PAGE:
So how would you deal with this situation when it came up? Short answer again: use branching.

In my original way of using Git, I was continually working on my master branch on my local repo - bad idea already - so all my work would be committed there and all conflict resolution would need to be handled there too, forcing all files to be compared again and all permissions and file modes to come into question.

With branching, you work on another branch, commit to that branch, pull updates to your master branch, and merge you other branch with your master branch after that. Suddenly no more conflicts on the master from the remote repo, and you're winning!

Commands to do this (creating a branch from currently selected branch):

git branch newbranch

To checkout your new branch:

git checkout newbranch

To merge your new branch with your master branch (after you've committed to your newbranch, switch to the master first):

git checkout master
git merge newbranch

Hope this helps someone! -:)

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well tbh, I'm not sure how you arrived at your conclusion since the obvious problem is git is not ignoring the file mode changes. This happens to us here too.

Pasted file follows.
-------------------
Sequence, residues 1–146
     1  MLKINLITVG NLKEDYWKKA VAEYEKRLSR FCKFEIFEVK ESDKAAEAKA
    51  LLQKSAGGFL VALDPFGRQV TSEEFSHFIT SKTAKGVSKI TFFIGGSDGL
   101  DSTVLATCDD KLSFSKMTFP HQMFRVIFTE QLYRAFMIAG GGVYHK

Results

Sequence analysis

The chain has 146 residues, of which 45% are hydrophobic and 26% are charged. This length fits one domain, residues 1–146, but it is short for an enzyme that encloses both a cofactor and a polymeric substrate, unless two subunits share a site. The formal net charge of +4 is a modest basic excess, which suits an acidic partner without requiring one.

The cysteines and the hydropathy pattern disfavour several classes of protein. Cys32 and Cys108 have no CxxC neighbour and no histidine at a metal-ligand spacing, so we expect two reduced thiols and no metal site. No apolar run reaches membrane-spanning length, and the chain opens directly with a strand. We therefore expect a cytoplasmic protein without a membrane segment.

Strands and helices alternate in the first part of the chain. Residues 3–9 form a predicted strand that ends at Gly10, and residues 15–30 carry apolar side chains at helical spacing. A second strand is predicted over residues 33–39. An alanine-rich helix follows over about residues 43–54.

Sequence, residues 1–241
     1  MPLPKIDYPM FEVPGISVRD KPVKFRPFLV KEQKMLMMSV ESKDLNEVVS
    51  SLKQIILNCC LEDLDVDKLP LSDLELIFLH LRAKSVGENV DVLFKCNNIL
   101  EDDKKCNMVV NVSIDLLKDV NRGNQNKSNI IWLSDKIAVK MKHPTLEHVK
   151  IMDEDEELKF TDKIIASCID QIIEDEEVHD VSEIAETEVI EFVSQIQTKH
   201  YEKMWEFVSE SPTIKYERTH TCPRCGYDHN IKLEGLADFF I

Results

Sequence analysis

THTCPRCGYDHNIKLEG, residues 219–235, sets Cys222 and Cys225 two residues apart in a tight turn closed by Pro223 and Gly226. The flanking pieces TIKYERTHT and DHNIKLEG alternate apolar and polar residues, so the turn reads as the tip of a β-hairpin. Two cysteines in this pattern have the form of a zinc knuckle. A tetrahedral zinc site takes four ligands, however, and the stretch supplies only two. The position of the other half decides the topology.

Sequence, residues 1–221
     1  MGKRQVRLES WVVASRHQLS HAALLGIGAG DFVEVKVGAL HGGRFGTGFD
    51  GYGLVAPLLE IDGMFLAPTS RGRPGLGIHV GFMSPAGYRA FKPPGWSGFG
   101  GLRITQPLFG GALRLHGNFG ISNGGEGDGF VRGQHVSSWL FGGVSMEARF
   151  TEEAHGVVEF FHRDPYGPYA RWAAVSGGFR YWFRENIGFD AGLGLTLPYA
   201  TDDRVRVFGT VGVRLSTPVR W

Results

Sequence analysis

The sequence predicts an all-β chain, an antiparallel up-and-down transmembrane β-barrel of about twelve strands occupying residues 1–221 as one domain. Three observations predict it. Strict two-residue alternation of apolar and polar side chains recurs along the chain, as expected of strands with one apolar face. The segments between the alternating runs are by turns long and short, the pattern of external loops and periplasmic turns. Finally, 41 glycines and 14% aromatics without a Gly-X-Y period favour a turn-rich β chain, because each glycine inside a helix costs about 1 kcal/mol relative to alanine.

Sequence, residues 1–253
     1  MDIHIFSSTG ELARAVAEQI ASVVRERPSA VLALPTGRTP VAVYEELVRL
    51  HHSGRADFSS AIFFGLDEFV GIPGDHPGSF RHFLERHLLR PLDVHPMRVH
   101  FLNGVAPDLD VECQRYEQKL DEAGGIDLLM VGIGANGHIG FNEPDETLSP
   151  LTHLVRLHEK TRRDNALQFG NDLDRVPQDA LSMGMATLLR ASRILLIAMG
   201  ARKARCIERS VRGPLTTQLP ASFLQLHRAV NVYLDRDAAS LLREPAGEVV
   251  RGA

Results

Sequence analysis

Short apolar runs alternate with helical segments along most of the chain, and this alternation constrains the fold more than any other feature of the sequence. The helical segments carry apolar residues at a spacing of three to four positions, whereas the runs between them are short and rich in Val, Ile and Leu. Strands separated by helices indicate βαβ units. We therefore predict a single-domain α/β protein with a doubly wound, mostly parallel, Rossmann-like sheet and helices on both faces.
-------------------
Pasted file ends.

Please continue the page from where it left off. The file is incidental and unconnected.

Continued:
if you set that flag it seems to make no difference in some cases and still uses file modes to determine changed files.

that has to be a bug in git, what else could it be?

possibly your answer does not explain the rationale, therefore I dont think it's the correct answer, it's a workaround.

the correct answer is that git doesnt use filemode when it's told not to, it's obviously ignoring that and doing it anyway.

can you explain otherwise.

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Hey Christopher...first actual reply in over 11 months! Nice! Anyways, I would tend to agree with everything you said, and I'm hoping that providing a rationale to why I submitted my own answer would help. As I said, you can't get around it, it's the way Git works, so short of rewriting Git there wasn't really much else I could do. Another thing I tried to illustrate were my shortcomings and lack of understanding when it came to using Git, something which I also had hoped would aid others in their search for a better Git experience. I can appreciate your frustration though! – Chris Kempen Oct 22 '12 at 11:46
yeah I get the same, sometimes you get those "out of the blue" replies :D I'm always trying to search for a reason why this happens, I'll post it back here if I find anything on it, I'm going to spend an hour trying now, cause it's driving me nuts.... – Christopher Thomas Oct 22 '12 at 11:49
ok, the solution I posted wasn't in fact a solution, but mostly what we already know and I didn't proof it before, so I've deleted it. basically, my problem went away toggling those, but I am not sure why yet :( – Christopher Thomas Oct 22 '12 at 12:02
Awesome, thanks for the continued feedback! Keep at it, I'm keen to find out more about this seemingly isolated problem! :) – Chris Kempen Oct 24 '12 at 7:57